Aircraft: Closing the Gaps
When the FAA announced five years ago that it was planning to add more routes at higher flight levels by cutting in half the required vertical separation between aircraft—from 2,000 feet to 1,000 feet—private aviation travelers seemed to be among the beneficiaries, along with the airlines and air traffic controllers. The additional routes would mean more flexibility for business jets, making this mode of travel even more convenient.
The FAA’s new regulations indeed are expected to reduce costs for the airlines and ease the workload of air traffic controllers, but the advantages for business aviation are less clear. “The added flight levels may relieve congestion en route, but when you get to an airport, you still have to wait your turn to land,” says Don Tinker, owner of RVSM Consultants, a Texas firm that advises aircraft owners on RVSM (Reduced Vertical Separation Minimum) airspace compliance. “So what’s the advantage?”
The new rules, which took effect in January, add six additional routes at altitudes between about 29,000 and 41,000 feet. Air traffic controllers now have more options for guiding jets around inclement weather, and they can assign direct routing to more aircraft, which conserves fuel and minimizes delays. The FAA says that RVSM will save airlines and other aircraft operators $5.3 billion in fuel costs from now through 2016.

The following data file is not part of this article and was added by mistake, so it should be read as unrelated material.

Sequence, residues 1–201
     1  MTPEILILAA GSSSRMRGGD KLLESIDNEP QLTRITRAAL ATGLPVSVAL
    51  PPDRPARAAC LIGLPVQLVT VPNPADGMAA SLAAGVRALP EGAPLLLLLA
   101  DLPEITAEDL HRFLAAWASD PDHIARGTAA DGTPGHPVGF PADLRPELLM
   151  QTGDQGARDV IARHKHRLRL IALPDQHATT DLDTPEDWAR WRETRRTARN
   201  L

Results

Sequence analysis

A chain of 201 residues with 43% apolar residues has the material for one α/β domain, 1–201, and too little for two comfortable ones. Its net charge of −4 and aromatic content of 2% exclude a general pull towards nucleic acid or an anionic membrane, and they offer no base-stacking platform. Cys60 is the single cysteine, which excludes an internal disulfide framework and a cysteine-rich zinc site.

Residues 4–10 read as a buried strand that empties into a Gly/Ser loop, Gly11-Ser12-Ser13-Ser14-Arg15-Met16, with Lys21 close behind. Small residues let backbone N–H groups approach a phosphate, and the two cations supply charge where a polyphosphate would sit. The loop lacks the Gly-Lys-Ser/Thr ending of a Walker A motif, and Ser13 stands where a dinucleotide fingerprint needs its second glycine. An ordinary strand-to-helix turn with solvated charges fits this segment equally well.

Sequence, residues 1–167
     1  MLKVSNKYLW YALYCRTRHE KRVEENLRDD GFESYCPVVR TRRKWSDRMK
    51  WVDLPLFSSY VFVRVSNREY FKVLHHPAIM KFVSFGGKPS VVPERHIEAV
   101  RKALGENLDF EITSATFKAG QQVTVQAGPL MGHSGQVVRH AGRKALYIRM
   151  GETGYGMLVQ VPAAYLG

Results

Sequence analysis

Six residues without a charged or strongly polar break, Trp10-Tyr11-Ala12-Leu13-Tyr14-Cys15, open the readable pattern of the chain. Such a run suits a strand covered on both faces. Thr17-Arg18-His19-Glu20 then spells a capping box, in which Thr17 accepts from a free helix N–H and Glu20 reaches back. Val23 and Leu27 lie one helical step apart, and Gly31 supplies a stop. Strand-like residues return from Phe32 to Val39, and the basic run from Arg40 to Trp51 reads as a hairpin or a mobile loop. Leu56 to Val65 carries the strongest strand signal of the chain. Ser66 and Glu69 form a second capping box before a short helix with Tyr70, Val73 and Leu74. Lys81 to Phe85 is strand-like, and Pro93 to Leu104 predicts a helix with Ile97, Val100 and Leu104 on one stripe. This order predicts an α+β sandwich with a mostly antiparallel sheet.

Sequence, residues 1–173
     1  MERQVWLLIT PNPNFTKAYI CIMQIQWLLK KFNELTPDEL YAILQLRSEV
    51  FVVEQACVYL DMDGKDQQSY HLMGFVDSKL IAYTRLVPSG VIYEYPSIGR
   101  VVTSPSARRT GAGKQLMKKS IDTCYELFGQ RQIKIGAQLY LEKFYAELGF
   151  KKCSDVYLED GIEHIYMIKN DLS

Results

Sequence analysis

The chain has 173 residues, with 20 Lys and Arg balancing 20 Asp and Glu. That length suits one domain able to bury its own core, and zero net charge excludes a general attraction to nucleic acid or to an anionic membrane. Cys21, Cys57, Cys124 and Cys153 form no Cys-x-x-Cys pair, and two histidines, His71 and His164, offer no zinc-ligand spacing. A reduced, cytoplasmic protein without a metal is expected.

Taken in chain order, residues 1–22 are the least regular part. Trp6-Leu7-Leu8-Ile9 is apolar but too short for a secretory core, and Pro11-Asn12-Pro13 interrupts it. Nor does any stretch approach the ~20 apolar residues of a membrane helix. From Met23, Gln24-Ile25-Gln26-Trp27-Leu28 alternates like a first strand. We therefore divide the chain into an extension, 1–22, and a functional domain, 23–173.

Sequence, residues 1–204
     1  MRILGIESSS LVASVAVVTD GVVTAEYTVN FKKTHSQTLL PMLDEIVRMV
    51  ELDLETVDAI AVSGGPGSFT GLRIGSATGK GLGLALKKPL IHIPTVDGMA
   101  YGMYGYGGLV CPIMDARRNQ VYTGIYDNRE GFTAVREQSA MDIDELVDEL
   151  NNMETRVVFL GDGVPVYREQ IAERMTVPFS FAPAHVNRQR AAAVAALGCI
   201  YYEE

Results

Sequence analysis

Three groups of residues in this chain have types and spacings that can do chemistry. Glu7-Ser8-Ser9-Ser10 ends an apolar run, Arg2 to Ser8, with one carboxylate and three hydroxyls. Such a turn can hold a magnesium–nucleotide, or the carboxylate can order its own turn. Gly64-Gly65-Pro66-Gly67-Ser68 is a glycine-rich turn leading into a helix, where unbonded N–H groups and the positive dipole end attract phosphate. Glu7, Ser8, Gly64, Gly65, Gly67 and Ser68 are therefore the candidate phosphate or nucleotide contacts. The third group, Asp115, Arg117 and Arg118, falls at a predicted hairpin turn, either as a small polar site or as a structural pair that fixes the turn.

However, obtaining certification to fly in the RVSM airspace can be a long and expensive process, notes Tinker. “To upgrade an older airplane and jump through all the hoops required by the FAA can cost up to $100,000 or more,” he says, and it can take several months. Aircraft with navigation equipment that is not advanced must have it upgraded to ensure safe separation, the pilots must be retrained, and the operators must be authorized. Even newer aircraft, which are fitted with the required equipment in the factory, must go through the authorization process.
Although meeting the RVSM-related requirements may be costly for business jet operators, failing to comply with the new regulations is also expensive. Operators that are not certified are banned from the higher flight levels where they usually have operated. “There’s a huge difference in fuel efficiency for a jet flying at 39,000—a typical cruising altitude—and flying at 28,000, which is the highest you can go if you’re not RVSM compliant,” says Tinker. A jet equipped with the most common type of engines would burn about $500 worth of fuel per hour at 39,000 feet and about $800 per hour at 28,000 feet. For a business jet averaging about three hours of flight time a day, that expense accumulates quickly. Presented with the cost of losing access to all that airspace, the vast majority of business aircraft operators have chosen to become RVSM certified.
Besides the increased expense, industry observers raise another concern: Is it safe to have so many airplanes, flying at hundreds of miles per hour, so close together? The FAA maintains that it is, reporting that, worldwide, 5 million flights per year are flown in RVSM airspace. “The FAA is the last modern civil aviation authority in the world to go to RVSM,” says Bob Lamond, director of air traffic services and infrastructure for the National Business Aviation Association. “We know of no accident that has ever been attributed to RVSM.”